In an announcement certain to fuel conspiracy theories and science fiction stories alike, Israeli scientists revealed that they can fabricate blood and saliva samples that don’t contain DNA from the person who donated the samples, but rather hold the genetic code of an unrelated person. Theoretically, such samples could end up being used as false DNA evidence. Says lead researcher Dan Frumkin: “You can just engineer a crime scene…. Any biology undergraduate could perform this” [The New York Times]. While it might be easier for a shadowy crime scene-fixer to plant a stray hair or cigarette butt than to cook up a misleading batch of blood or saliva, researchers say that they can imagine scenarios in which blood or saliva would be more convincing.
Frumkin and his colleagues at the private company Nucleix used two different methods to create the false samples. In the first, the researchers take a tiny DNA sample from an individual’s hair or spit, and use a process called DNA amplification to increase the sample size. The researchers then took blood from another individual and put it through a centrifuge to remove the DNA-carrying white blood cells, leaving behind the red blood cells, which don’t carry DNA. They then added the applified DNA to the blood sample, et voila! When this engineered blood sample was sent to a leading forensic lab, the analysis detected the DNA of only the original individual, and saw nothing amiss.
But, don’t worry, like a hacker taking down servers to sell cyber security services, Nucleix has a fix: a system that can detect the difference between natural and manufactured DNA. It looks for a lack of methylation; an addition of methyl groups to DNA occurs naturally in genetic code, but it isn’t found in Nucleix’s manipulated DNA [Scientific American].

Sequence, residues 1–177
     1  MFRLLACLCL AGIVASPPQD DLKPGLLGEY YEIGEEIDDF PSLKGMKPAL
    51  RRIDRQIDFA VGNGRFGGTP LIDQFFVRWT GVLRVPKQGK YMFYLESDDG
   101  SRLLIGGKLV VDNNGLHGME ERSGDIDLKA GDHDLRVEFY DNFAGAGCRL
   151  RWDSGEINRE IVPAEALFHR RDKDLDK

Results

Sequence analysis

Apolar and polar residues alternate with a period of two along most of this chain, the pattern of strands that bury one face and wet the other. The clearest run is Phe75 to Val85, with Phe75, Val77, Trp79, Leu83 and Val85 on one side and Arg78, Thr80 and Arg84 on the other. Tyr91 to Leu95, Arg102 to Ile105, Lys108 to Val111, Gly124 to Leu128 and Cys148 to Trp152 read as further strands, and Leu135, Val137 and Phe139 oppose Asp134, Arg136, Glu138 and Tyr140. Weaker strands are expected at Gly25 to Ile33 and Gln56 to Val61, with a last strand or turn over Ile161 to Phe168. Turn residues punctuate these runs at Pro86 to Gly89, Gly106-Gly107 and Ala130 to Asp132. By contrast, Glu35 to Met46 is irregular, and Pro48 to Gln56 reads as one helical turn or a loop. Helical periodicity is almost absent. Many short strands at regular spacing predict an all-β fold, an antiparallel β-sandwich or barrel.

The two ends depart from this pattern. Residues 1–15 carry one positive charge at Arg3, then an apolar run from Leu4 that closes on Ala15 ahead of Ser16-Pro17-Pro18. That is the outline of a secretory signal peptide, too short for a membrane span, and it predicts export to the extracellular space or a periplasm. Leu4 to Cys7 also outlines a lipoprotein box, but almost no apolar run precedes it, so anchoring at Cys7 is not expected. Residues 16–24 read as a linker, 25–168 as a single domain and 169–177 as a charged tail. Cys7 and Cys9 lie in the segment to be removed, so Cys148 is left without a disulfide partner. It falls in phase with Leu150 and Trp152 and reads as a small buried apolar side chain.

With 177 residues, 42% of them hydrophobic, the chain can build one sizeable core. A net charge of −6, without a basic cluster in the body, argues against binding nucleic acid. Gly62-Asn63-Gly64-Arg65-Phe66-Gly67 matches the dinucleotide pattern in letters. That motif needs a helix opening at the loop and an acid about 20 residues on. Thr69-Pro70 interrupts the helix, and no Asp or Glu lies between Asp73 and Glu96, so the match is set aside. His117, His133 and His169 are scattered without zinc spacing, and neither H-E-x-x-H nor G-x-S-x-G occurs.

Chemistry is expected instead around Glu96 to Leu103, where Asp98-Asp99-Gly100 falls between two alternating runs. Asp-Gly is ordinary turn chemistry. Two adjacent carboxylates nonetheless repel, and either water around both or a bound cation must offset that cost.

The second process described in the journal Forensic Science International begins with only the genetic profile of an individual, which could be found in a police database. These profiles identify variations at 13 specific spots in an individual’s genome. Frumkin claims that a scientist could keep a library of a cloned snippets of DNA representing the variants at the 13 spots (he estimates 425 samples would be needed in all), and he or she could mix the snippets to create a DNA sample matching anyone’s genetic profile [io9].
While Nucleix’s results do cast a shadow of doubt over the presumed infalliablity of genetic evidence, it’s not clear whether such techniques will ever be used outside of the lab. John M. Butler, leader of the human identity testing project at the National Institute of Standards and Technology, said he was “impressed at how well they were able to fabricate the fake DNA profiles.” However, he added, “I think your average criminal wouldn’t be able to do something like that” [The New York Times].
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Image: flickr / Abhishek Jacob